Hillbilly Elegy: A Memoir of a Family and Culture in Crisis by J.D. Vance
Published by Harper
Hillbilly Elegy is J.D. Vance’s memoir of growing up in a poor Appalachian town, a book which details his personal experiences growing up and how he escaped the poverty that was a fixture of his childhood. He also muses quite a bit about why he believes people from this area of the country have such a hard time turning their circumstances around and the ways in which politics and inherent beliefs of the area are a detriment to the people from this area.
I hold two separate opinions about this book and while they are at odds with each other, I think it makes sense to feel conflicted about Vance’s memoir. On the one hand, his story is an interesting one and should absolutely be seen as inspirational. He grew up in a poor, rural community with no support from his father, very little support from his sometimes drug-addicted mother, and all odds pointed to the probability that he would skip college, find a dead-end job, and end up in a similar situation for himself as an adult. This did not happen, and Vance credits his own perseverance as well as the emotional, physical, and monetary support he received from his maternal grandparents as the primary reasons he was able to go to college, move to a town with better opportunities, marry a person he truly loved and respected, and find a well-respected, well-paying job. So on the one hand, I liked hearing Vance’s story and it reminded me a bit of my own personal story – I grew up in the Chicago suburbs, not Appalachia, but I, too, grew up without much money and managed to work my own way through college, subsisting on grants and loans and three part-time jobs at the same time, earning a degree and finding a great career. So I related to his struggles in some ways and understood the determination he felt to get himself to a different situation than what his parents were able to provide for him growing up.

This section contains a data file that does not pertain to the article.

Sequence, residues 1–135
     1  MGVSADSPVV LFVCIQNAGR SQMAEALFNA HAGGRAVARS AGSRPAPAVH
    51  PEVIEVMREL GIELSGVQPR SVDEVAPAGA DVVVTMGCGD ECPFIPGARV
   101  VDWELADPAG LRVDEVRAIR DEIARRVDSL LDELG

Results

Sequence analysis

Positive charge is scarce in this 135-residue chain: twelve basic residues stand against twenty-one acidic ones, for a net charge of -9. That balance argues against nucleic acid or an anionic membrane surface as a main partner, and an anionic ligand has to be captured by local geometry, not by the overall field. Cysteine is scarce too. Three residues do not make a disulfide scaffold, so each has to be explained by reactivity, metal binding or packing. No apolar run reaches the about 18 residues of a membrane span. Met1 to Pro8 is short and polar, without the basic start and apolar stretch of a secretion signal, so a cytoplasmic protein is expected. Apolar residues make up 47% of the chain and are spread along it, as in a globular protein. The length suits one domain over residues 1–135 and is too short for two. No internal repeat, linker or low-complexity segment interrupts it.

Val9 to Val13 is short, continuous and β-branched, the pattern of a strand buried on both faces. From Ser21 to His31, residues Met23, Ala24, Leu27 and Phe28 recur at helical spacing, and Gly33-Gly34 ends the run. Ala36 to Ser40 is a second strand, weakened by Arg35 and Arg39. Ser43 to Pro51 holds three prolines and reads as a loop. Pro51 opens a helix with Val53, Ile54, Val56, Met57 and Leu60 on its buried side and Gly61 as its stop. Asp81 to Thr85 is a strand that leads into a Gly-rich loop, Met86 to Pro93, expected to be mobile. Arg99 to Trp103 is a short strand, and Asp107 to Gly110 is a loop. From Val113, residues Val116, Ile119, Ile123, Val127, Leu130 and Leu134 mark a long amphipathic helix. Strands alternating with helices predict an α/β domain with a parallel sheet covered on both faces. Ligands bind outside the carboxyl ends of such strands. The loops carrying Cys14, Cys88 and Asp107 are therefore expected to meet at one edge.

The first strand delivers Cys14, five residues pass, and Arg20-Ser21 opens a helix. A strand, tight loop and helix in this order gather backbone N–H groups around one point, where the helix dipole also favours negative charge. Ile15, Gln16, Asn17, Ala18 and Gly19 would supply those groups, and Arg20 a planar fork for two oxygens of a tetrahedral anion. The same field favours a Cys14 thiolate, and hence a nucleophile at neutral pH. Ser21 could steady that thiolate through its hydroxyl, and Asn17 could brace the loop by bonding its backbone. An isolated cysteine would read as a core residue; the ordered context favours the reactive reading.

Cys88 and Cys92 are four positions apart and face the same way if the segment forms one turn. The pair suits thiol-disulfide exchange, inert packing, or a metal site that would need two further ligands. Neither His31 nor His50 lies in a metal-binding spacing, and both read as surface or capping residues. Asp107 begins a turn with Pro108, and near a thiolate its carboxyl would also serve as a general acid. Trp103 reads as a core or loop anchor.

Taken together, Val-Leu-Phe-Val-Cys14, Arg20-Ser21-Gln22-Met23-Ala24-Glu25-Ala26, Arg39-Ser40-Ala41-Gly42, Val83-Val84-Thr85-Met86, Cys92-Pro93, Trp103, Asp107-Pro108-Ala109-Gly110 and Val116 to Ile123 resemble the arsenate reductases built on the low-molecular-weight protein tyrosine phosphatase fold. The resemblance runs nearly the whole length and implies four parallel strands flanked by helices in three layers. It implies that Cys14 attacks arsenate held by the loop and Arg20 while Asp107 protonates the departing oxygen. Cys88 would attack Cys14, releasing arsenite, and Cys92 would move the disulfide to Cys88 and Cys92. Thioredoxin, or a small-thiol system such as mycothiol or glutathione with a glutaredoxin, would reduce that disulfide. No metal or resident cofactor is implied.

On the other hand, he makes a lot of sweeping generalizations about the people in Appalachia that I’m just not sure his personal story gives him the right to make. Yes, he experienced this culture first-hand, so of course he has a unique view and understanding of some elements of it that outsiders can’t possibly understand. However, his experiences are his own, and the links he creates from his own experiences to those of others living in the same part of the country are weak in some places. I’m not saying that he doesn’t have the right to make observations and even draw conclusions about the culture that he grew up in; just that I think some of his generalizations are a bit too general, if that makes sense. What’s true for his family and his life isn’t necessarily true for everyone else around him.
That being said, however, I did really enjoy this memoir and it gave me a lot of food for thought. I would resist drawing too many political or socioeconomic conclusions from its content; however, as I said, this is a book about one person’s experiences and may not translate to everyone who is from the same part of the country.
I listened to the audiobook of Hillbilly Elegy, which is narrated by the author. It was really well done and definitely gave a feel for the author’s thoughts and feelings – as though he was telling the reader his own story, with his own voice and inflections. I would definitely recommend the audio.
Overall, I liked this one a lot but found it had a few problems. Still I would recommend for those who like memoirs.